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New Research Shows Selective Dry Cow Therapy Reduces Microbial Resistance

18 September 2018

Research investigating selective dry cow antibiotic therapy was a highlight at the international meeting for the National Mastitis Council, according to Dr. Ivan Leyva-Baca, veterinarian and product application specialist with Thermo Fisher Scientific. Diagnostics play a big role in these studies.

"A lot of the international scientists that focus on mastitis research are presenting their findings here," said Dr. Leyva Baca. "There's been a lot of presentations that are outstanding, but one that caught my attention is from the Netherlands, where they've been focusing over the last 10 years on investigating selective dry cow antibiotic therapy. The goal of that type of approach is to reduce the use of antibiotics in the dry period of a cow by using selective treatment."

Previously, producers were treating every quarter with antibiotics regardless if the animal was infected with mastitis or not and regardless of their somatic cell count score. With the selective dry cow treatment approach, treatment is focused only on the cows that have a high somatic cell count score.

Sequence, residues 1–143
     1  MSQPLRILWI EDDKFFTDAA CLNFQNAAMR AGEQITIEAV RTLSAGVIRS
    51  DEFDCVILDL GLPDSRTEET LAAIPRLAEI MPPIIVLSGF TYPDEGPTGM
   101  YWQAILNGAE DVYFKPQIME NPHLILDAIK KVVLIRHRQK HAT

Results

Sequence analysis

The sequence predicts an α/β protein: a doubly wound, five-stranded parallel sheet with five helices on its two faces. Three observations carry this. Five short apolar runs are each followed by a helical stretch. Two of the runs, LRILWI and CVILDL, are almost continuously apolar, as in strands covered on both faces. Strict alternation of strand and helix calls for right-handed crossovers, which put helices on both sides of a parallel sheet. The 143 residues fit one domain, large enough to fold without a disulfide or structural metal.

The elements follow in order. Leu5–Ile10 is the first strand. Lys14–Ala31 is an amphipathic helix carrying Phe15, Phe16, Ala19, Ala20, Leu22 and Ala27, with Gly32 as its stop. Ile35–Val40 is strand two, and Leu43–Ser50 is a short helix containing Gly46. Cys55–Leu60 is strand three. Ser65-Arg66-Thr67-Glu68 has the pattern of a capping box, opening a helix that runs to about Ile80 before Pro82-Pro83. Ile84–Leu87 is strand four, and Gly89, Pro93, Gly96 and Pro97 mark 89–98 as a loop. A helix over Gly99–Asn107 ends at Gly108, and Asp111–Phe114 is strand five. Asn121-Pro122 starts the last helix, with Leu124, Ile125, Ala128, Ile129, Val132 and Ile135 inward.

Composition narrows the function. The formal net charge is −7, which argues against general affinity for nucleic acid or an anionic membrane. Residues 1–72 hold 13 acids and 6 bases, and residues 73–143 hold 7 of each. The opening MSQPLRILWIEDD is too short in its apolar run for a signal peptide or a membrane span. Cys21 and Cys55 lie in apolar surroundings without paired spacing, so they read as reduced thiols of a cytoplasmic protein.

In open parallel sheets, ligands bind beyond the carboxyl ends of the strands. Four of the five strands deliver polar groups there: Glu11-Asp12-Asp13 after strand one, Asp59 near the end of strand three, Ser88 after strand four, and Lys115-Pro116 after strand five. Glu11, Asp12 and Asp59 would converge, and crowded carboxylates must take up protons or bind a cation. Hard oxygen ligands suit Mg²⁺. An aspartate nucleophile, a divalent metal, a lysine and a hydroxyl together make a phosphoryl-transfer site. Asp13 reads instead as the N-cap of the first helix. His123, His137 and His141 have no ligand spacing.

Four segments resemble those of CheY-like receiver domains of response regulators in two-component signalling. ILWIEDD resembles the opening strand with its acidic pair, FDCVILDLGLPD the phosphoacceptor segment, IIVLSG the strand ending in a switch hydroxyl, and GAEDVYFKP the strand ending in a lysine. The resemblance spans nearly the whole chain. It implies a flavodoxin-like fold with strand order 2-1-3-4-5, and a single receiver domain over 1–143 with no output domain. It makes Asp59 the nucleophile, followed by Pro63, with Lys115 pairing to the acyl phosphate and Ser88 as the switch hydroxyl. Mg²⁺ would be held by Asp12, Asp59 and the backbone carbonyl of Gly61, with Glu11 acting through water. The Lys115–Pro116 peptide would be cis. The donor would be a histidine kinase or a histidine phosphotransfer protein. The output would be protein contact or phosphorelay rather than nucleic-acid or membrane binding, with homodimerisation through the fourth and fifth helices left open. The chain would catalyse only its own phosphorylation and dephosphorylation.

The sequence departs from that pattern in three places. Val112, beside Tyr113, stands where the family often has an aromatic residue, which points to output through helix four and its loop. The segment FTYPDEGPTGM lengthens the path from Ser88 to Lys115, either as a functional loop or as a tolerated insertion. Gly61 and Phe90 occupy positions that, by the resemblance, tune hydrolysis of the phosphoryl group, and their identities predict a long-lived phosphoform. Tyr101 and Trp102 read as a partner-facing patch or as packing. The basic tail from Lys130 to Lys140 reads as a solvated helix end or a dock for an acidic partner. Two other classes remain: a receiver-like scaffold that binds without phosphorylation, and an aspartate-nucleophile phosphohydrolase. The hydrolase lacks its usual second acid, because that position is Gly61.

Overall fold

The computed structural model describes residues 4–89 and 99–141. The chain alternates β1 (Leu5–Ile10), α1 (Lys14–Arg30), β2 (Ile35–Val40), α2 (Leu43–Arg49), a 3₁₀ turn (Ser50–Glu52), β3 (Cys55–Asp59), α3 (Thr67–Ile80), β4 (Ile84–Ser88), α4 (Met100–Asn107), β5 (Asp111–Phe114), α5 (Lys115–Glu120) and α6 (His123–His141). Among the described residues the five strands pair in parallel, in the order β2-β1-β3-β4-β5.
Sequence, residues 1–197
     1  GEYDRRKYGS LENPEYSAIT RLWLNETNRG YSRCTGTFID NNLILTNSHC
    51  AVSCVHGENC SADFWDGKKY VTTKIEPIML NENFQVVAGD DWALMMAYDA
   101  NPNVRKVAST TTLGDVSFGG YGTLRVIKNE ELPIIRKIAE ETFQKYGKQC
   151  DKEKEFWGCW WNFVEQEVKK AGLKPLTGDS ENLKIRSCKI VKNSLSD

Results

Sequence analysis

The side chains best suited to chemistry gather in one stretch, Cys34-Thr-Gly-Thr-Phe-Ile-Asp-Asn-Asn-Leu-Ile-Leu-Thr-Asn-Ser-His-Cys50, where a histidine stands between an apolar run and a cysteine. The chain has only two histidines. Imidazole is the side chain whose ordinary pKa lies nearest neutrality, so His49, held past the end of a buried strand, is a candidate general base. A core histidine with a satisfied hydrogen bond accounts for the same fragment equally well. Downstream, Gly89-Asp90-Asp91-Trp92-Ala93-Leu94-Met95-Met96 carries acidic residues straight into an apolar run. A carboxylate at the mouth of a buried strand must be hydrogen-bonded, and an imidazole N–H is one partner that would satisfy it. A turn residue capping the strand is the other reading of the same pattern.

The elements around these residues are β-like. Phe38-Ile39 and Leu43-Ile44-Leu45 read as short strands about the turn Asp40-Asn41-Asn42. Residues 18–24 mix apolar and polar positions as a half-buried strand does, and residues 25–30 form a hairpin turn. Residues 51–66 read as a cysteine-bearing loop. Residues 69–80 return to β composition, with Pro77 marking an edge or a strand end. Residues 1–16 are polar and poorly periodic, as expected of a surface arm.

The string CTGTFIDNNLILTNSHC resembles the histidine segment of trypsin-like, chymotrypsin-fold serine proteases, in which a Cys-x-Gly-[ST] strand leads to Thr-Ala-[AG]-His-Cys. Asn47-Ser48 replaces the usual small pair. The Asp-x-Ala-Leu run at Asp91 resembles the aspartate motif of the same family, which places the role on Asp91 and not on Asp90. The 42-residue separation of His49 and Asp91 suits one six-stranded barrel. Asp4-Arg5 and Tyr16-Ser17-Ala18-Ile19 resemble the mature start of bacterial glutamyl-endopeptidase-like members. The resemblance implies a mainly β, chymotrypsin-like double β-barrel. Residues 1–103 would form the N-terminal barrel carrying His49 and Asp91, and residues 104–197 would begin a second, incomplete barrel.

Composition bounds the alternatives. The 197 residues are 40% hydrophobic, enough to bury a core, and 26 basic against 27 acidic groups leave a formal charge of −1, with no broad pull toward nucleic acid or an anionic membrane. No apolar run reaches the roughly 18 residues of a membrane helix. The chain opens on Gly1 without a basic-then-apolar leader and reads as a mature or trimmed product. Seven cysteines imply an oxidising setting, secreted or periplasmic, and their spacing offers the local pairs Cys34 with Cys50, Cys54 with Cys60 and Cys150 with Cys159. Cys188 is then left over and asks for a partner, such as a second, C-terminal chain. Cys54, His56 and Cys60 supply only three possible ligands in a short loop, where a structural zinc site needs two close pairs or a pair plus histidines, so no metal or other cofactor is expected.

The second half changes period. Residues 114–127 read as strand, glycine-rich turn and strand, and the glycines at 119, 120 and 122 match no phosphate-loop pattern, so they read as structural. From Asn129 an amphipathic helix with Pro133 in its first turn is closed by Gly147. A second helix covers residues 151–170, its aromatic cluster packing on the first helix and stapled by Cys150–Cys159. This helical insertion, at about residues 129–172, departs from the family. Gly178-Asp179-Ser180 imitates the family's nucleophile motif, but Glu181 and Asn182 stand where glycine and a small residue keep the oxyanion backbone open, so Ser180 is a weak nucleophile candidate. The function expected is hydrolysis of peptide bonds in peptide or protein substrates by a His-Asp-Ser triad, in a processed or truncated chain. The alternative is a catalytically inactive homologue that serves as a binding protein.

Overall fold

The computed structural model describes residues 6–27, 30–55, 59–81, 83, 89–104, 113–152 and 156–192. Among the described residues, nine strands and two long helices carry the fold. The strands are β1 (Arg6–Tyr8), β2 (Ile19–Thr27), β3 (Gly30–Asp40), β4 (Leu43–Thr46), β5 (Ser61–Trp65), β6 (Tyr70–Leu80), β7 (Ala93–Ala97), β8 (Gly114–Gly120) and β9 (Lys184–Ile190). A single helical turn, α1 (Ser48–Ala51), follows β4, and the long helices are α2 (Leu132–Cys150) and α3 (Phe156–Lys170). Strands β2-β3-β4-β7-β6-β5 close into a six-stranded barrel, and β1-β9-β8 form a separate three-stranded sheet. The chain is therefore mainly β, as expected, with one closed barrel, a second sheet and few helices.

"The results are really remarkable. The Dutch group [Prof. Ynte Schukken of GD Deventer] presented results that show that a reduction of the usage of antibiotics also reduces the antibiotic resistance of the microbes those animals carry and that's pretty outstanding," he said. "In the case of animals treated with blanket antibiotic therapy, the antimicrobial resistance of those pathogens was pretty high. So it's a new finding that it's really promising."

Diagnostics played a significant role in those studies, according to Dr. Leyva-Baca. While somatic cell counts had been used as the first line determination if an animal should be treated or not, the use of diagnostic tools that provide more information from the sample can be a promising next step.

"Molecular diagnostic tools can give you more granular answers about the type of pathogens that are present in those infections versus just knowing that there's some inflammation process going on due to infections, which is the answer that somatic cell count scores provide," he said. "We're pretty excited about partnering with groups in the following years to execute studies that can give them a little bit more granularity on the pathogens present in their mastitis infections."

For more information about cattle diagnostics, click here or connect to the Thermo Fisher Scientific Cattle Resource Center.

Dr. Leyva-Baca spoke to TheDairySite at the 2018 International Bovine Mastitis Conference in Milano, Italy.

 

Sarah Mikesell, Senior Editor

Sarah Mikesell, Senior Editor



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